Last night, at a monthly New York Tech Meet-up, Linda Holliday, founder and CEO of Citia, a kind of Cliff’s Notes publisher for “high-velocity reading,” took the stage to talk about storytelling. This might appear an odd topic for the purveyor of a service for the ADD crowd that promises to “shorten and spotlight an author’s big ideas” by reorganizing books on to “virtual index cards,” with the idea to make reading “faster,” “easier,” and “more efficient.”
Before 900 tech enthusiasts, Holliday unveiled the Leap Motion Controller, which let her use hand gestures to guide her through the on screen entertainment. And who was the entertainer providing this entertainment? Why, somewhat past-his-prime rapper cum business mogul Snoop Dogg, who, Holliday claims, was looking for a way to not only engage with fans but also “monetize his brand.”
The genius of Citia is that it gets how our own web experiences have been changing our view of story. If you look at your own story, when you get down to it you are all bits and descriptive fragments that are spread across the Web and over Facebook and Twitter. There are times in the public sphere that who you are – or, more precisely, how others view you – comes down to a “like” you clicked on Facebook or a “retweet” of a friend’s gross joke on Twitter. Perhaps you left a comment on an article or somehow you’re tagged in a friend’s photo so the world will now knows you wore a morosely ratty sweater in college. There’s your incomplete LinkedIn profile, a blog post from 2011, your abandoned Pinterest page – all of these pieces say something about you. Put web and social fragments together and you have a person’s partial life story.
Let’s get back to Snoop Dogg. If you wanted to know more about him, where would you start? You might Google his name, then head to his Wikipedia entry. Head over to Youtube to watch him perform at the 1994 MTV Video Awards then maybe stream some of his music over Spotify. Check out what he tweeted yesterday, scour pictures on his Facebook page, mosey on over to Pinterest, where Snoop offers categories like “my ish” (products with his name of them), “Fliccs” (appears to be profile photos) and “shit I like” (no explanation necessary). If you hunger for even more Snoop you could go old school and read a bunch of articles.
Being a celebrity/brand requires managing multiple platforms, and so does being a fan. It means accepting new forms of storytelling where the reader chooses his own path through a story. Brands (like Beyonce and Procter & Gamble) have to let go. The information is out there. The best strategy is to put it all together so that it offers the brand’s most positive reflection.
This is how Citia works: Through its app it offers a template that resembles a 3D flashcard on which content creators put text, photos, videos, voiceovers, and what have you. It kind of sounds like DVD extras – material not good enough to make it in the original package. Where some see detritus Snoop Dogg sees revenue. You want to join Snoop’s clubhouse of friends? That will cost you. He’ll throw in behind-the-scenes pictures of his tour on one virtual card, a video interview on another, and get you a sampling of his latest song. Also, in a pull advertising strategy, users have the option to flip over the card to purchase the latest product Snoop Dogg is hawking. If people want to skip the ads, they just keep on trucking through the cards. Besides having access to this content, users also have the capability of sharing it across social media channels.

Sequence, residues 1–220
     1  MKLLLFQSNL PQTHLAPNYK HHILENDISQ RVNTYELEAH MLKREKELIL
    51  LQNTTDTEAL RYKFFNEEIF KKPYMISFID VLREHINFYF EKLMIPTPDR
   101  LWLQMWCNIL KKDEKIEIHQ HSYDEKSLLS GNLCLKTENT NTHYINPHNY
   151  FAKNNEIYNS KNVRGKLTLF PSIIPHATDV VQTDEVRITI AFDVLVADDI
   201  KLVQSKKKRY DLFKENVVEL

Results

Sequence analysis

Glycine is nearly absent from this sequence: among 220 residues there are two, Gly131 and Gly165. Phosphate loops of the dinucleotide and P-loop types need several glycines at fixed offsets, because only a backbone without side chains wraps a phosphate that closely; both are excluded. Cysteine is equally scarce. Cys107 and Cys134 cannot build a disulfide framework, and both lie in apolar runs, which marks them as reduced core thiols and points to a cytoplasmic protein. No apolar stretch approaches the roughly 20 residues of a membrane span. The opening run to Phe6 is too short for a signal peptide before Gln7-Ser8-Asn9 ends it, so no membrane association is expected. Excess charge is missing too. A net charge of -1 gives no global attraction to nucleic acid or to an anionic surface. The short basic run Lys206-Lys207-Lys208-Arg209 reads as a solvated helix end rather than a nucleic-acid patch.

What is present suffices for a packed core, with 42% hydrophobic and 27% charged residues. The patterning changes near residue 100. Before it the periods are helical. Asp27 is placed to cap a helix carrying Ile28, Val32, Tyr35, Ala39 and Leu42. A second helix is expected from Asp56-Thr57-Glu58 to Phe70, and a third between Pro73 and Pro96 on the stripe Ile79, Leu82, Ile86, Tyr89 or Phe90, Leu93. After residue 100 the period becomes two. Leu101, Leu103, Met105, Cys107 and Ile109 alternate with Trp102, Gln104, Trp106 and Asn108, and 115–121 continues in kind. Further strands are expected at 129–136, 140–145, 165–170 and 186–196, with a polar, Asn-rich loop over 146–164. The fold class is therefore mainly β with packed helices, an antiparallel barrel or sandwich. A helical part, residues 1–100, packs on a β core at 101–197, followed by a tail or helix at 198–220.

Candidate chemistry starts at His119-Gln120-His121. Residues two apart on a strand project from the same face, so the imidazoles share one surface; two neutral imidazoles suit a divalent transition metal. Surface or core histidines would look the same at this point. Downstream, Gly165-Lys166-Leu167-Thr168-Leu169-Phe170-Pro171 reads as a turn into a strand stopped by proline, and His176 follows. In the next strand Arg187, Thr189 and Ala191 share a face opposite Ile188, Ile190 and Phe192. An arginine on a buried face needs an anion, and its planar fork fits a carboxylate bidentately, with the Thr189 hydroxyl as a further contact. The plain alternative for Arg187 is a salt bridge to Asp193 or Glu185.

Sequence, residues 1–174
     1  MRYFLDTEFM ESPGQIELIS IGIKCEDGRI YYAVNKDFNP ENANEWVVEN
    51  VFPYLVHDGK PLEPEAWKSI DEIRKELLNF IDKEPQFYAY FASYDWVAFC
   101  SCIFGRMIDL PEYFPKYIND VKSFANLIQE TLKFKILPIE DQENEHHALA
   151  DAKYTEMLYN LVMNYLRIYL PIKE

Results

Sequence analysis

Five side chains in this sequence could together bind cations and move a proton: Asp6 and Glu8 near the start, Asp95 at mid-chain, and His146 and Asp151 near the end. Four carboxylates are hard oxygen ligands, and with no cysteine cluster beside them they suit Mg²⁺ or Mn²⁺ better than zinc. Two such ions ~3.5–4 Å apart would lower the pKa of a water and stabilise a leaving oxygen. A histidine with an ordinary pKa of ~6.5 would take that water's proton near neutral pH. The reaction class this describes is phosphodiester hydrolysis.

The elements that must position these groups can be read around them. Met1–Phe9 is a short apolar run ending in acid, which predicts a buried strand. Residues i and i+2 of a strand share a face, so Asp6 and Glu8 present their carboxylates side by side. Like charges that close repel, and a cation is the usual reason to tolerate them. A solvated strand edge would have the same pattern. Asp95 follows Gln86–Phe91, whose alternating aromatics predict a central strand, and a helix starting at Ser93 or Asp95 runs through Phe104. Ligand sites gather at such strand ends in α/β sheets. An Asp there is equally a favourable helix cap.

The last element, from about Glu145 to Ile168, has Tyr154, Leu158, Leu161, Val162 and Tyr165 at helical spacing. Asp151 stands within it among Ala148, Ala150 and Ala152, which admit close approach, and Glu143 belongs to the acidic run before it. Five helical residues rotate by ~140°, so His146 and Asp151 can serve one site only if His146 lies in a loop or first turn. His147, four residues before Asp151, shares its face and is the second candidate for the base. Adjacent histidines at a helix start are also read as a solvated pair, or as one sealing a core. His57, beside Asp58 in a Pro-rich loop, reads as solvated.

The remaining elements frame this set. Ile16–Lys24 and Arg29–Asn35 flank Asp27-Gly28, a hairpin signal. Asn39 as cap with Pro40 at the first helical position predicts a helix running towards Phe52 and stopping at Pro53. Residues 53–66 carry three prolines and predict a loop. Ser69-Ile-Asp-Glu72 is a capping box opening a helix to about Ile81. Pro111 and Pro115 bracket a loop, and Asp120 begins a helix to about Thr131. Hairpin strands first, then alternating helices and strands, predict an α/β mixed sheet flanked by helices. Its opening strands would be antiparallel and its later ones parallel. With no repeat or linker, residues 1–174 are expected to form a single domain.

As Holliday stood onstage, she used motion control hardware from Leap Motion to flick, flip, and stack Snoop’s soon-to-be launched app (its official release is during SXSW).
As with the other presenters like How About We and Shelby.tv, people sat in silent as she provided her best impression of Tom Cruise in Minority Report, her hands grabbing at the screen, twirling around the various features, maximizing the text, pushing the button to play the video. Once the demo was complete, the crowd let out loud claps, people whispered next to each other, and Holliday moved up to the event upstairs where people praised her innovation.
Last night’s unveiling was a big shift from what Citia originally set out to do, which was help people ingest books faster. She developed the original concept after being unable to find the time to finish a great non-fiction read — she didn’t have 10 hours to devote. She figured she wasn’t alone and devised a plan for “deconstructing and reconstructing” books. So, instead of 500 pages of dense reading, the main concepts were organized into a stack of virtual cards, allowing people to have control of what they read and how they read it — simply called non-linear format. The 10 hours of reading turned into one.
Citia’s success is by no means assured. “The challenge is they are really creating a new thing and this is a little cumbersome for the licensing operations for publishers,” Mike Shatzkin, a book publishing consultant who once counted Citia a client. And if fans can access troves of material online already, can Citia’s celebrities count on being able to entice them to pay something for access to more?
Holliday hopes so. She has been bootstrapping the business with the proceeds from the sale of her previous company, MBS (now Digitas Health inside Publicis), “moving money from one nest egg to another,” and plans to look for outside financing.
Besides providing one-offs for bigger companies, she is hoping to one day create a template anyone can use — be it a blogger or a huge international company.
At least, that’s Citia’s story so far. It could change, though.